With the Rugby World cup now in full swing, sports injuries have once again received a lot of attention in the media. Apart from the anxiety that these injuries are causing supporters in the grip of rugby fever, sports injuries pose a very real risk to the health of the athletes involved and could be devastating in terms of their future career prospects.
The University of Pretoria (UP)’s Section Sports Medicine was created in 1999 and has since established itself as a leader where research related to overtraining and heart-rate variability is concerned. Another research focus area in which the Section is currently very active is injury surveillance, which is a field of sports medicine that is increasingly being recognised as an important requirement by professional sporting bodies.
According to staff at the Section, successful injury surveillance could motivate sporting bodies to consider and implement rule changes to improve player safety. Of course, the biggest challenge with injury surveillance is to reduce injury rates among athletes to the lowest possible level without discouraging young people from engaging in the sport. In reality, sports-related injuries are largely avoidable through the execution of preventive interventions based on the outcomes of scientific research. In order to assess the extent of the sports injury problem however, it is necessary to identify both the incidence and severity of sports injuries. This goal can best be accomplished by reporting epidemiologic findings responsibly, investigating the aetiology of injuries and by developing, implementing, and evaluating protective interventions using such research and evidence.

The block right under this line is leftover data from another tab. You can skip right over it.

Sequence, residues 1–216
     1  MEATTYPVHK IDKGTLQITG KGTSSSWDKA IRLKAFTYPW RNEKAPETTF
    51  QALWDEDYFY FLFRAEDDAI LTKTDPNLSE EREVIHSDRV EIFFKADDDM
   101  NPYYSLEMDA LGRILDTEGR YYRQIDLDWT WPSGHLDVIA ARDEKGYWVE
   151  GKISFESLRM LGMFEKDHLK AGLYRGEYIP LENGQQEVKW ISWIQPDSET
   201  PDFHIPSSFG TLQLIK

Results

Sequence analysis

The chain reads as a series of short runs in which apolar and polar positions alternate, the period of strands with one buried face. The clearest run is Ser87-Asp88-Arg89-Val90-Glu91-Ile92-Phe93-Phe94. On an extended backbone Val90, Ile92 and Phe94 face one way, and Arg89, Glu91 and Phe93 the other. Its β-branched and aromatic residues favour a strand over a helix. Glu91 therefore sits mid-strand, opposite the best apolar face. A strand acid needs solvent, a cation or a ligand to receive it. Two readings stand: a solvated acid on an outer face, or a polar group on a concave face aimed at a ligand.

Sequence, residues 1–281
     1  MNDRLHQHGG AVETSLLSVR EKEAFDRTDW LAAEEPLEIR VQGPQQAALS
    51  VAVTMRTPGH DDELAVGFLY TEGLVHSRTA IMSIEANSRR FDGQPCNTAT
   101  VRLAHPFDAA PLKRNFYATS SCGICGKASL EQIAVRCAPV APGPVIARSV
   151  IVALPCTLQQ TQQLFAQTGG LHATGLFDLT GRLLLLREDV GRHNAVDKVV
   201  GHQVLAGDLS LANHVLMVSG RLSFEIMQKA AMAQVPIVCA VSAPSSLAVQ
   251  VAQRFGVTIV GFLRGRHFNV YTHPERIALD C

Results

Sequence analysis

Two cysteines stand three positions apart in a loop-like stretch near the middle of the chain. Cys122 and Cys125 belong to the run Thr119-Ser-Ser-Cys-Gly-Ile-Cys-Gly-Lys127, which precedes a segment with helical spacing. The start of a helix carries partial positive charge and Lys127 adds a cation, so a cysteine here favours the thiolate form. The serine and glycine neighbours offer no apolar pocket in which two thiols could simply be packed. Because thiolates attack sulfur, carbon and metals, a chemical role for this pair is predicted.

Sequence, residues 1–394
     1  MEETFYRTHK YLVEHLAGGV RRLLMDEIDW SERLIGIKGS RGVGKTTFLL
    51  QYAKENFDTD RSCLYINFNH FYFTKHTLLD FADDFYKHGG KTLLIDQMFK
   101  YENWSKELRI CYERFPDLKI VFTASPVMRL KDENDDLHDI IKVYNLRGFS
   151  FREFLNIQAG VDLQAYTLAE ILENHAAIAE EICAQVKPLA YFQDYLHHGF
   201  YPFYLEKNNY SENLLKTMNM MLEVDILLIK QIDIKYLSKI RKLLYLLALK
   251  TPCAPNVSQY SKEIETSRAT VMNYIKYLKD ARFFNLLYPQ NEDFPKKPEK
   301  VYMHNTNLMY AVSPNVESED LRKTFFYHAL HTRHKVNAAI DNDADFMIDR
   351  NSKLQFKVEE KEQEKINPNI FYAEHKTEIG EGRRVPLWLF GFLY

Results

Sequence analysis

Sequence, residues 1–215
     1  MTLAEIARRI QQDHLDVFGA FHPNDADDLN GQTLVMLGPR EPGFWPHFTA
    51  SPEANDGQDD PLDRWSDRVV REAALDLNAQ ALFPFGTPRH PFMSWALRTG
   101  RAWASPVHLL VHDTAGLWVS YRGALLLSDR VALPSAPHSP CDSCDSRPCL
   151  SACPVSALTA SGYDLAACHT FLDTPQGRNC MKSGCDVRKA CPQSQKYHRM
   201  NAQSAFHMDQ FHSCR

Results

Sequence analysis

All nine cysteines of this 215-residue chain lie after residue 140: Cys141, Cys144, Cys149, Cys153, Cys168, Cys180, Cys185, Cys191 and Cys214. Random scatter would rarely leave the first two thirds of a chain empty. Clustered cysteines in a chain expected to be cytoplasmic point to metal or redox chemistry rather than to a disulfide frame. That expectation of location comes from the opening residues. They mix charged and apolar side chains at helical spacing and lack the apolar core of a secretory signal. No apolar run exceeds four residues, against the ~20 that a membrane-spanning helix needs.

To this end a group of researchers from the Section (Prof DC Janse van Rensburg, Dr O Strauss, Dr MD Velleman, Ms A Jansen van Rensburg and Dr CC Grant) described the case of a 22-year-old rugby player who presented with iliopsoas muscle haematoma three days after being tackled in a rugby match in August 2013. Their article titled, ‘Iliopsoas haematoma in a rugby player’, was published in the South African Journal of Sports Medicine earlier this year.
Classified as either spontaneous or traumatic, iliopsoas muscle haematomas are rare lesions that typically appear in individuals presenting with clotting difficulties, whether owing to illnesses, such as haemophilia and other blood disorders, or as a result of anticoagulant treatment. Traumatic iliopsoas haematoma is a serious complication of haemorrhagic disorders rarely seen in young healthy athletes. The iliopsoas comprises three muscles passing through the pelvis. The origins are on the lumbar vertebrae (psoas major and psoas minor muscles) and the inner pelvis (iliacus muscle) and the muscle inserts in the lesser trochanter on the femur. It is the strongest flexor of the hip joint, and with minimal elastic properties, opposes extension of the hip. These muscles are essential in the support of posture and hip flexion. They work together to flex the hip when kicking, bringing the leg out in front of the body or the knee up towards the chest when running.